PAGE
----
For encouragement, I started "playing" with foals when I was 12, so you are at a fairly capable age to start learning. I most certainly didn't do it on my own. My parents, who are professional trainers, were always outside supervising and telling me what to do. "Do this. Do that. Don't do that. That was dumb. Instead of that, try this..." And so on. You really need to be shown what to do.

In the meantime:
When you are out there, when she comes up to you to smell you, right before she almost touches you walk away. See what happens. Don't be abrupt and stalk off. Just lower your hand and walk away a little bit. Don't leave, just go away to inspect a stick or plant 15ft away. Then go try again.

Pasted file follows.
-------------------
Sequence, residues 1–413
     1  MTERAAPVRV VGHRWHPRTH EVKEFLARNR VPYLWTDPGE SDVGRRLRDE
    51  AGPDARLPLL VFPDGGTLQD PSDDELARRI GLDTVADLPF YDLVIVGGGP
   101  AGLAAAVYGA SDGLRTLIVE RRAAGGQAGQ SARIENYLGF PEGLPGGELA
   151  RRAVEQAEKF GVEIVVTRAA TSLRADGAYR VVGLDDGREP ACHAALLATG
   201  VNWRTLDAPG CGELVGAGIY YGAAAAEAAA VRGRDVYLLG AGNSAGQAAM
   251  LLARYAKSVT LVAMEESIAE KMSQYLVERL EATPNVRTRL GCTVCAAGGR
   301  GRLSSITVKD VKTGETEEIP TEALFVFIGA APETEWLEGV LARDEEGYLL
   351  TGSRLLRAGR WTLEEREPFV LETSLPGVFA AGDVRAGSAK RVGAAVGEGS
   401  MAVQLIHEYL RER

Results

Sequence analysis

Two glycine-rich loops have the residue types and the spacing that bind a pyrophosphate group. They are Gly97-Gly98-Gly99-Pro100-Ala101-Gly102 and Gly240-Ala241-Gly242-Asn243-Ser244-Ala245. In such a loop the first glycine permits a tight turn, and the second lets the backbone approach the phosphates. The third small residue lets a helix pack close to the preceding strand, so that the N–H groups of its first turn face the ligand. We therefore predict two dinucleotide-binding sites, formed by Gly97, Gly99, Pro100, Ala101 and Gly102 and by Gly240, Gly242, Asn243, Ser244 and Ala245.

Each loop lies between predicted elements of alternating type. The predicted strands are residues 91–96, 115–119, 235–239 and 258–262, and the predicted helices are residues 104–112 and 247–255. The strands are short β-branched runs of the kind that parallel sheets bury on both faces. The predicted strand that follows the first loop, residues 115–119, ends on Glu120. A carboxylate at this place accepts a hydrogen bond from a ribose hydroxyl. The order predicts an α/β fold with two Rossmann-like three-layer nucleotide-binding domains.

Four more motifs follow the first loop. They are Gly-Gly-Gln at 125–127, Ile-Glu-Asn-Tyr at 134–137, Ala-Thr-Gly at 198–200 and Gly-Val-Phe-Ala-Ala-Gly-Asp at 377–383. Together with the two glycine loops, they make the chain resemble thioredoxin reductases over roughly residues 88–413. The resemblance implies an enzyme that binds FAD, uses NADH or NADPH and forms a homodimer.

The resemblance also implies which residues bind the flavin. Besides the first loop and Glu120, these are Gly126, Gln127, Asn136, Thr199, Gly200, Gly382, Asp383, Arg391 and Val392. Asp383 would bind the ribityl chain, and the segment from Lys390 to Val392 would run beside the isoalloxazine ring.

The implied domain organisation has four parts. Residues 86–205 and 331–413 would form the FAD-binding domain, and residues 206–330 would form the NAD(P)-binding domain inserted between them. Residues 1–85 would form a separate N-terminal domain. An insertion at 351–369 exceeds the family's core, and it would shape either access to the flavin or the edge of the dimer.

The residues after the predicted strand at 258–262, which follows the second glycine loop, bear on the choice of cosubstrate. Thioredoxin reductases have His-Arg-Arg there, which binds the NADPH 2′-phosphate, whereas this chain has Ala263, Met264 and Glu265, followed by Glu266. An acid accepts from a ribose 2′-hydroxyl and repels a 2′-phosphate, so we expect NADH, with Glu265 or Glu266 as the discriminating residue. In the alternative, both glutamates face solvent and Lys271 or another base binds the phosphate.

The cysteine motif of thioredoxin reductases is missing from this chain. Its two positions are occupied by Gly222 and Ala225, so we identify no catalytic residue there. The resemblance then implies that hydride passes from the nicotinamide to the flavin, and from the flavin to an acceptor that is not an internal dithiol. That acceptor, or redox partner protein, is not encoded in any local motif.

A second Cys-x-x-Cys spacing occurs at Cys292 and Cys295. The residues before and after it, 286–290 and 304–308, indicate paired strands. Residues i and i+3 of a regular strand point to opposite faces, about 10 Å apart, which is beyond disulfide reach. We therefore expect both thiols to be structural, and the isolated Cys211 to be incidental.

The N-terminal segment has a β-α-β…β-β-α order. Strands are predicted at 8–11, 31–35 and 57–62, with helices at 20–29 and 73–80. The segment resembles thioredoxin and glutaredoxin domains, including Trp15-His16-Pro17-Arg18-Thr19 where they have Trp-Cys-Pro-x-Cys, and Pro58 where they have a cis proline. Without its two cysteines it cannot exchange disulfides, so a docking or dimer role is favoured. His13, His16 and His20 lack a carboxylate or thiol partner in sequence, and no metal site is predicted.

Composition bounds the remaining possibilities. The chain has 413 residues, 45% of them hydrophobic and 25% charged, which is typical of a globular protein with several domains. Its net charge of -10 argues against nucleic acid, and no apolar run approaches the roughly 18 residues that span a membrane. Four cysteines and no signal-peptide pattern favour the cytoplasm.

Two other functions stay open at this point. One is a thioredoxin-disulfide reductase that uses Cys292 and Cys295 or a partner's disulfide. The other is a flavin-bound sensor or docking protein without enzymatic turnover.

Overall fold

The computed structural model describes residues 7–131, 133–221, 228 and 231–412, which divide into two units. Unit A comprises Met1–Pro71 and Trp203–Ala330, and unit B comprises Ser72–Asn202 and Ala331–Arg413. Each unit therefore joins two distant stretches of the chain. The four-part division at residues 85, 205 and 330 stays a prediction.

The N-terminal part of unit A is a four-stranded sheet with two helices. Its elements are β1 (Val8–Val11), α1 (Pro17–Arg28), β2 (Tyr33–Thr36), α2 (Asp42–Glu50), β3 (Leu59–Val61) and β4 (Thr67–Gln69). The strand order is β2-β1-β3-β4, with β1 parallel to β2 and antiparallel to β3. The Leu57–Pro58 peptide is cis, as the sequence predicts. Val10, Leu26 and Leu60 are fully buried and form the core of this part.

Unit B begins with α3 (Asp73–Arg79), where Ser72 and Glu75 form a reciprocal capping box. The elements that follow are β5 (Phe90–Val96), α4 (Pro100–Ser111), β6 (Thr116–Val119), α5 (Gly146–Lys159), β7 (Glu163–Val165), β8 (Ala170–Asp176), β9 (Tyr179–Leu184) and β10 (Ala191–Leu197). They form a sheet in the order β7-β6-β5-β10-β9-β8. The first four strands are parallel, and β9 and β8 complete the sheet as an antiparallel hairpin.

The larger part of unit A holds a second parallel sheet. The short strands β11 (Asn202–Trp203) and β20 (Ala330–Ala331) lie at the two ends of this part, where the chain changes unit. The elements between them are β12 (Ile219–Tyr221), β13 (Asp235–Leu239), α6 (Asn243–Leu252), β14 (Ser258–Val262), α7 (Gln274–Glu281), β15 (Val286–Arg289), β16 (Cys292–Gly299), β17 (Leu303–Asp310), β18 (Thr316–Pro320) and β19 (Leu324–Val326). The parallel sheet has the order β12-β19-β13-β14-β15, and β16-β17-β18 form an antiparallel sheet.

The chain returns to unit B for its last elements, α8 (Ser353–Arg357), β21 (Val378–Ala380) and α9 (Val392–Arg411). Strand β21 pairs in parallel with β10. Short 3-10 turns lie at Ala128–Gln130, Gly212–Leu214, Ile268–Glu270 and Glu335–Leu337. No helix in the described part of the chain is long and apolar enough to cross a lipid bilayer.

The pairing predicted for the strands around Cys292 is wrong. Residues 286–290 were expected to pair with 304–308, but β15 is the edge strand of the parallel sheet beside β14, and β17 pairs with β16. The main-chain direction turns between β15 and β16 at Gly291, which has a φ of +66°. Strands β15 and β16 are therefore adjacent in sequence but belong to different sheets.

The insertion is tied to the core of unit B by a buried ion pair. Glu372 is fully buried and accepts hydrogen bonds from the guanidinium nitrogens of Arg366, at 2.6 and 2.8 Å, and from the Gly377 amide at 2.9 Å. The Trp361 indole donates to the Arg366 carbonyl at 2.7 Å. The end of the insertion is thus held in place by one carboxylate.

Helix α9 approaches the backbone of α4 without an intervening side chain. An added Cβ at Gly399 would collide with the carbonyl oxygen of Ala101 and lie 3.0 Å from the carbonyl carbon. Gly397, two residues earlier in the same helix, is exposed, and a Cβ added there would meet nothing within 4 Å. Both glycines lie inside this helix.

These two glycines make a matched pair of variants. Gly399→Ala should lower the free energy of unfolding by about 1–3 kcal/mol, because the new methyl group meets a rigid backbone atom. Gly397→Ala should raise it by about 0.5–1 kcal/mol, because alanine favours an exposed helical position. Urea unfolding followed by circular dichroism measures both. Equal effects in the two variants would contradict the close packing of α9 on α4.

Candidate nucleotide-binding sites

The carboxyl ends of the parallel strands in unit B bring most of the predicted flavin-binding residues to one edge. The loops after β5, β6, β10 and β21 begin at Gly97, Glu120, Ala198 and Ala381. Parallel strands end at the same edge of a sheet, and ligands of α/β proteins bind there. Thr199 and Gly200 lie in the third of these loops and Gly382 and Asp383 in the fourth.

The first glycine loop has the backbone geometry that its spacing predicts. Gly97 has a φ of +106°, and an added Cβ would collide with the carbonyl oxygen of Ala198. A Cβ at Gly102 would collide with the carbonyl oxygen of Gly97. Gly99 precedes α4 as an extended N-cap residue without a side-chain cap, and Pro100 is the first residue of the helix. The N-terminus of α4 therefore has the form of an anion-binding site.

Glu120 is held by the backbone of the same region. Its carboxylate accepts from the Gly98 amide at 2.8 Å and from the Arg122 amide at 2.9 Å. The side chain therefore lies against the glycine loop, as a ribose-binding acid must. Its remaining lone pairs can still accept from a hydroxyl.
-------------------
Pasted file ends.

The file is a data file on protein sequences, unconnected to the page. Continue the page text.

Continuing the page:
How I work with my foals is really similar. They are always loose and it it my challenge to get them to let me hand them before they are weaned. It is AGONIZING when you get to that point where they will let you be close enough to lick them and they still won't let you touch them. It takes TIME. If I get in a hurry, or get frustrated, it sets me back. I have to be calm and patient, and it is HARD for a person like me!

Don't be too dependent on treats. Treats are there for rewards, not bribes. They have created many many monsters.
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    10-01-2012, 09:42 AM
  #5
Showing